MAUSD painting a dark picture of post-exit Lincoln

BRISTOL — From the perspective of the Mount Abraham Unified School District, the annual operating costs for the Lincoln Community School, should it be withdrawn from the district, are higher than estimates recently presented by withdrawal proponent Save Community Schools.

Had LCS existed independently of the school district in fiscal year 2020-21, its total spending would have amounted to $4,190,000, according to Superintendent Patrick Reen, who presented the data at a school board retreat in Starksboro Monday night.

This is $278,000, or 7%, higher than the $3,912,000 that the group Save Community Schools (SCS) presented last week at an informational meeting in Lincoln.

MAUSD Business Manager Floyd Davison and Lincoln selectboard member Paul Forlenza, who presented the SCS numbers last week, believe they were building estimates from the same data, they told the Independent earlier this week. The difference, Forlenza suggested, may be in the assumptions each side is using.

Lincoln residents will vote on Tuesday, Aug. 24, to decide whether the town should withdraw its school from the MAUSD, which also serves the towns of Bristol, Monkton, New Haven and Starksboro. More than 20% of registered voters in Lincoln have already cast their ballots by mail, said Town Clerk Sally Ober.

Supporters of withdrawal are concerned about Lincoln losing its right, guaranteed by the MAUSD articles of agreement, to vote on any proposal to close LCS.

In December, Reen unveiled a plan that would, among other things, “repurpose” the Lincoln, New Haven and Starksboro elementary schools and bus those towns’ K-6 students to Bristol or Monkton. Critics say “repurposing” is the same as “closing,” but Reen says the school board has the authority to reconfigure district schools without seeking voter permission.

Lincoln residents are also concerned their voting rights could be taken away if the MAUSD decides to merge with the Addison Northwest School District. A study committee made up of representatives from both districts is currently studying the idea.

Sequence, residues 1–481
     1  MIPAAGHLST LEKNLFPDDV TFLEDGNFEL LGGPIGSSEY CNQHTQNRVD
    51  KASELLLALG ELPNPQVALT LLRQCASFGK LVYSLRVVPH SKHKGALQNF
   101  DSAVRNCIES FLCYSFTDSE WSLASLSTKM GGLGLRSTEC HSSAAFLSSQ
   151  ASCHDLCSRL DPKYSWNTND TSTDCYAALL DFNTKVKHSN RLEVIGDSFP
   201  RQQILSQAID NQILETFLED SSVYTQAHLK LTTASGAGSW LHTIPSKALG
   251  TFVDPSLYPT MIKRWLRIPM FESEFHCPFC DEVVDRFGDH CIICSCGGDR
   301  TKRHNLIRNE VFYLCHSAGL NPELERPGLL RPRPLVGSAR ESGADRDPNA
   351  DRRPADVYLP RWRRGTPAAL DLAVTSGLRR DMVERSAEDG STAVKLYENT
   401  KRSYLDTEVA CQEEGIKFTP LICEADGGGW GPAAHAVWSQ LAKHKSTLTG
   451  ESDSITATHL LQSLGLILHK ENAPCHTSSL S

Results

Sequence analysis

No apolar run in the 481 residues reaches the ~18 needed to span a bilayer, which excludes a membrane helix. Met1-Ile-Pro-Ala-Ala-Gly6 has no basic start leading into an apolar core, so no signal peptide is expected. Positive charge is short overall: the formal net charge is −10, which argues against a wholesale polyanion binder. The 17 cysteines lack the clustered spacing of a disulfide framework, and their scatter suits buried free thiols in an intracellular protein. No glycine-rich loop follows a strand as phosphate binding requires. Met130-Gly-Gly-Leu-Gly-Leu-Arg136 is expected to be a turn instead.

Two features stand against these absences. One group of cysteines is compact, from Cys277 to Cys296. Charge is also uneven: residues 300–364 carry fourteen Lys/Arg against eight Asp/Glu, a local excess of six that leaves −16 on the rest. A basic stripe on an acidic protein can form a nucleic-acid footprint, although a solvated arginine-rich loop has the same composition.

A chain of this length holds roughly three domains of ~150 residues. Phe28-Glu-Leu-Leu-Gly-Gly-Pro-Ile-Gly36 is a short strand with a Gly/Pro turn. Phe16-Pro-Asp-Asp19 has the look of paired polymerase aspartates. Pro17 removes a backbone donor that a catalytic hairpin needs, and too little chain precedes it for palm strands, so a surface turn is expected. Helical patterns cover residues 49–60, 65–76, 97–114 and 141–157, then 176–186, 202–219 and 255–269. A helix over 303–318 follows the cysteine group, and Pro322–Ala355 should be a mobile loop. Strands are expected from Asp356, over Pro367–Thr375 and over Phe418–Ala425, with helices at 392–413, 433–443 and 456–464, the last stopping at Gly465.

MAUSD officials suggest it will be too expensive for Lincoln to go it alone.

On Monday night Reen estimated that by FY24 total LCS operating costs would rise to $4,360,000, or $608,000 over what he and Business Manager Davison believe will be the state-mandated equalized-pupil spending threshold — when it returns from its current COVID suspension.

The district also assumes the school’s enrollment — currently 75 — will continue to decline at the same rate as in the past three years, which Lincoln supporters point out is a historical anomaly. LCS had maintained steady enrollment right up until the year before COVID-19 hit. In the seven years prior to MAUSD’s data set, LCS was the only school in the district to increase its enrollment, while every other school, and the district as a whole, declined, according to data from the Vermont Agency of Education.

Save Community Schools did not produce an LCS operating cost estimate for FY24, Forlenza said, because there are far too many unknowns, and SCS doesn’t generally agree with the assumptions district officials are making about things like future enrollment, the state spending threshold, the education tax yield, the ramifications of a proposed bill that would tie education funding to income rather than property value, and the outcome of a pupil weighting study that could change the way school district revenue is calculated.